The Wrecking Ball

The Wrecking Ball

Currently, data which suggests the US economy is picking up momentum (as opposed to losing it) is bad news. Yes, recession fears are rampant, which means evidence of a rapid downshift wouldn't be welcome either, but the Fed is very keen on demonstrating fortitude in the inflation fight. Between the new dot plot and accompanying economic projections, it's obvious the Committee intends to engineer a material slowdown. Jerome Powell is clear on that, even if he feels bad about it. The problem for
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12 thoughts on “The Wrecking Ball

  1. Profits tallied by U.S.-based global multinationals have been extraordinary, the best ever. They can fall some without doing much damage to the enterprises in question. A strong dollar is in the best interests of the U.S. consumer and an excellent argument in support of the greenback as the world’s reserve currency — something every American benefits from and should want to see continue.

    1. No. Just, no. It’s not that simple. At all. If this kind of dollar strength continues — i.e., inexorable, and driven by higher real rates, and Fed hikes — it will collapse entire markets and entire economies. That will boomerang back on the US. Which is why, eventually, if it doesn’t abate, the Fed and Treasury will have to do something to put the brakes on it.

      1. A rock and a hard place, for sure. That said, it would be a huge mistake, imo. for the Fed to abandon it’s rate-hiking anti-inflation campaign at home to prop up EM. The alternative probably looks a lot like the response to the GFC — swap lines, coordinated currency interventions, price controls in certain cases.

        1. In the past, the ivory tower academics at the Fed have displayed a shocking lack of understanding about how their policies impact other nations and, even worse, US business.

          This FX move is not only impacting some small EM nations, it’s hammering the rest of the world. Major and minor nations alike.

          To what end? Will higher rates boost grain and oilseed supplies? Will it increase the supply of diesel fuel used by farmers & truckers?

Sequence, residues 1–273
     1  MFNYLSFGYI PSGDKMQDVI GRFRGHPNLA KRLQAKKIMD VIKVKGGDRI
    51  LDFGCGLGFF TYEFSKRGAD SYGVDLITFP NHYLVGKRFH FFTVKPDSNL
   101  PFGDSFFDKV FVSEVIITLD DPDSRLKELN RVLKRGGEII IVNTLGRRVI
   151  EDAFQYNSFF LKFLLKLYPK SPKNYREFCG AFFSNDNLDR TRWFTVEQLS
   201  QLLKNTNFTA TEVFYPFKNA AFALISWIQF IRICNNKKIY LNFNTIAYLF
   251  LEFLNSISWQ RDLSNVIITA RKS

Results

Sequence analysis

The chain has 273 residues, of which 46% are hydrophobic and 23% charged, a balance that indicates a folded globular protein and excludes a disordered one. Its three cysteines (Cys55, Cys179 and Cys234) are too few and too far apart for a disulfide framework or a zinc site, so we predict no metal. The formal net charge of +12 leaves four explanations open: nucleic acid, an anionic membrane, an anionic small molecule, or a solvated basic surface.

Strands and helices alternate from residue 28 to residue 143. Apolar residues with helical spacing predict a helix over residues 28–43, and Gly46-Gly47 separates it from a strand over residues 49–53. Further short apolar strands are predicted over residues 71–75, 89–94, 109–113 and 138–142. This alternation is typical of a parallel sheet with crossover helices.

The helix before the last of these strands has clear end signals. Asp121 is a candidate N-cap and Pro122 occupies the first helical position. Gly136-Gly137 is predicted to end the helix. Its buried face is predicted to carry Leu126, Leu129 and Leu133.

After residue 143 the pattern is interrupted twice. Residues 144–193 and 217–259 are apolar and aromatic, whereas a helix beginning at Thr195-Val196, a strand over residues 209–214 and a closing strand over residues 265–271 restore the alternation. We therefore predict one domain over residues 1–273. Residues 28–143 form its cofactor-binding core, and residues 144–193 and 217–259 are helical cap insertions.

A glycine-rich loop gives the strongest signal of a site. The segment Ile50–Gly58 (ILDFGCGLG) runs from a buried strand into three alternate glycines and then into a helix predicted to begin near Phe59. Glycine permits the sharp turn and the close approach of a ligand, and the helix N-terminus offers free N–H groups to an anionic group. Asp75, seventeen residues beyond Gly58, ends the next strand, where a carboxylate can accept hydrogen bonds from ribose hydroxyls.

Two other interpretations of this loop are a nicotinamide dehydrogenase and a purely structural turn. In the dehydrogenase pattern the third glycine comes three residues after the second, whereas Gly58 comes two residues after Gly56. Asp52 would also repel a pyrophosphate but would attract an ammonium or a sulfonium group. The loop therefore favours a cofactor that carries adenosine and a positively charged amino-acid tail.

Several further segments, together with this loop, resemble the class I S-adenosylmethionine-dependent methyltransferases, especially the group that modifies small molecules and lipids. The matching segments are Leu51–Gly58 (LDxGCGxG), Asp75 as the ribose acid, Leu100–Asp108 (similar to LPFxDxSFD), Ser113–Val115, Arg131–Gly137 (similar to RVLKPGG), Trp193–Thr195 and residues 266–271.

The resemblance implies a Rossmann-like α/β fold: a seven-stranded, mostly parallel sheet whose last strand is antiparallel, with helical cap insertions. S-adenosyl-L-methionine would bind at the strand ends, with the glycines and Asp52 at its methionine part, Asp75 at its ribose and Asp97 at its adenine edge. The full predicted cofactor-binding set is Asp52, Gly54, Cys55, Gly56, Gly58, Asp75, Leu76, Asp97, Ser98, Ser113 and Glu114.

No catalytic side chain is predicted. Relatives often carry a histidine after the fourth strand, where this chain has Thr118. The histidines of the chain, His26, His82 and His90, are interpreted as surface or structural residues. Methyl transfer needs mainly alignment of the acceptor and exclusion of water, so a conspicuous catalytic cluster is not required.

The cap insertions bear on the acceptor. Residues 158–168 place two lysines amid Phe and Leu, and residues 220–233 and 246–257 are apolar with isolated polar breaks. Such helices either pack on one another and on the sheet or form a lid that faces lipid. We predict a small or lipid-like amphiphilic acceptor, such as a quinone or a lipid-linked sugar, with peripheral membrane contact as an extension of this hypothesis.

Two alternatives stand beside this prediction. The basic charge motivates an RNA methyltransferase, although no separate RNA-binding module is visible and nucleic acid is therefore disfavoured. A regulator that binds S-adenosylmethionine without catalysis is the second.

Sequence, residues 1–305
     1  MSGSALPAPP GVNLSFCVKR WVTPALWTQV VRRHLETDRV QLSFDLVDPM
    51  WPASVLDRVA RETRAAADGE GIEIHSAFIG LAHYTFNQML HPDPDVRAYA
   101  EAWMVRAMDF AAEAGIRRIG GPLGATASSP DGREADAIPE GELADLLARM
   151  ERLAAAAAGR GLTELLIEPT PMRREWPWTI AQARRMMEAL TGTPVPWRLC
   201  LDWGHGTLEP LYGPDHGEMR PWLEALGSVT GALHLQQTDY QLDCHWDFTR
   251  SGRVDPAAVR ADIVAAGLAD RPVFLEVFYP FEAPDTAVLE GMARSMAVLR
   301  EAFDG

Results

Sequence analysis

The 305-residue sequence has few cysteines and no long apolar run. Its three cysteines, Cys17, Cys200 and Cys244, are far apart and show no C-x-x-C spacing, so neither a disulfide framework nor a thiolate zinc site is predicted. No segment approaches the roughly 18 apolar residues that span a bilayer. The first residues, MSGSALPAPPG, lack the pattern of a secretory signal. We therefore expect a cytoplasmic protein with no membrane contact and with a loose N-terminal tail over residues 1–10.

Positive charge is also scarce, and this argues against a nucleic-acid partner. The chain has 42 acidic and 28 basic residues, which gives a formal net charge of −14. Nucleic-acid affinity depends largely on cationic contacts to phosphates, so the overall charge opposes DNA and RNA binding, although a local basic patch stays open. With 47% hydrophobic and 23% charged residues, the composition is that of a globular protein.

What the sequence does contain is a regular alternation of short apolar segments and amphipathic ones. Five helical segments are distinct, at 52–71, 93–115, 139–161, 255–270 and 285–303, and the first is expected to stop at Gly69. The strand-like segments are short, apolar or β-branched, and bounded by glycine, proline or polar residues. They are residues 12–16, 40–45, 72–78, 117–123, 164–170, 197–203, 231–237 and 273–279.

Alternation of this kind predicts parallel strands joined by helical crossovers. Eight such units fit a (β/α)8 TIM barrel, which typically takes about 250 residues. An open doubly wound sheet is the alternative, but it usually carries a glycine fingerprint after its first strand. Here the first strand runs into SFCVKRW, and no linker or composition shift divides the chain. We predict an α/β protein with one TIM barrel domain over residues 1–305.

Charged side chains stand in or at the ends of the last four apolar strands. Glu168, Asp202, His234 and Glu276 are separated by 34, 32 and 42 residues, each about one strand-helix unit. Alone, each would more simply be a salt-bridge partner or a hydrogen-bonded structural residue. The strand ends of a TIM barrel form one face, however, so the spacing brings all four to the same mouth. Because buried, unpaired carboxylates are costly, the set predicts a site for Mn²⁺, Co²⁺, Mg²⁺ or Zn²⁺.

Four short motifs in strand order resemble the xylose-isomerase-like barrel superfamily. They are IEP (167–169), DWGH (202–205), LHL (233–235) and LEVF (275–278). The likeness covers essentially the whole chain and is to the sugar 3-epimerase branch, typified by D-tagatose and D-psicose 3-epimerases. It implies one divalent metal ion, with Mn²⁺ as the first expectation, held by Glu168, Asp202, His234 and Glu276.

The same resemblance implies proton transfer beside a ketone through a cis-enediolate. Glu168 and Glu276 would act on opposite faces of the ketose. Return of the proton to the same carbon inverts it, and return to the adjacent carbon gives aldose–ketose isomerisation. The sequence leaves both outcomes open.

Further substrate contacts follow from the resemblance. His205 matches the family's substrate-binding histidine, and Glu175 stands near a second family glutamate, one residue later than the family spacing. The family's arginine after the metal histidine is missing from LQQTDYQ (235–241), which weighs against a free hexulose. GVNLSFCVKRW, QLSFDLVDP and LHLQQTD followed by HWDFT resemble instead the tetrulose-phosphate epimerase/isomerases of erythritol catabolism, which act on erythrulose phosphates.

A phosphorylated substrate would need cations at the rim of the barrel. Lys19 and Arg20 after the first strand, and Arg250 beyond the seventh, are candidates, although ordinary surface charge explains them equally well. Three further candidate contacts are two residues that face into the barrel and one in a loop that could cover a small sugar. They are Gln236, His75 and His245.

The risk/reward balance is horribly skewed to the risk side.

          1. As H reminds, the rate of change is often more important than the overall amount. Has the Fed forgotten this. Inflation behaves like an ocean freighter and they don’t turn on a dime. It feels like they have talked themselves into panic mode. If that’s the case, they will definitely overshoot the mark. Inflation is a global issue as was the pandemic that caused it. The Fed ignores this at the world’s peril.

  2. In 1993, I read Trading for a Living, by Dr. Alexander Elder. He said the most neglected question in investing and trading is What is my time horizon?..It’s still rarely discussed. I would add that when someing fairly big happens, the less discussed it is the more important it is…Another question is leverage….This is directly related to the Fed. These people are human, they’re embarrassed and their goal is reputational maintainance…….

  3. I just heard that Wells Fargo and Chase will no longer underwrite HELOC (second lien) on residential real estate. That tells you what two large mortgage lenders think about residential real estate prices and it represents true credit tightening. If this keeps up, 4% could be the top for funds or maybe lower.

  4. My memory may be a bit foggy at my age but it seems that the Fed spent at least the second decade of this century trying to tune the economy to reach a target of 2% annual inflation, something I thought was stupid because systematic inflation, even at a low rate degrades asset values. A decade at 2% takes value down by 18%. Anyway, that’s somewhat moot because they didn’t manage to hit their “goal.” Now for a perfect storm of reasons we have to tamp down high inflation. If I have a leaky pipe and I call a plumber who comes to fix it and is unsuccessful, why should I hire the same guy to fix his mistake. The Fed couldn’t make inflation go up. What makes us believe they can make it go down? Anyway, it seems to me that the rhetoric surrounding our current strategy sounds more like this is all about Powell earning Street cred (pun intended) rather than solving our collective problem.

    Current events seem incongruous. The housing market is getting blasted, not a surprise, but unemployment is still low and the economy in general seems strong. There is still an apparent labor shortage. If we can beat on the economy with a huge hammer without a crushing result maybe the hammer we’re using isn’t the answer. Again, what’s all this about, channeling Volcker or stabilizing our economy?

  5. Is there any chance the Fed lays off the rate-hike gas pedal just a little–to let’s say 0.5%–at their next meeting, just a few weeks before the mid-term elections? Not for economic reasons of course, but strictly for political ones.

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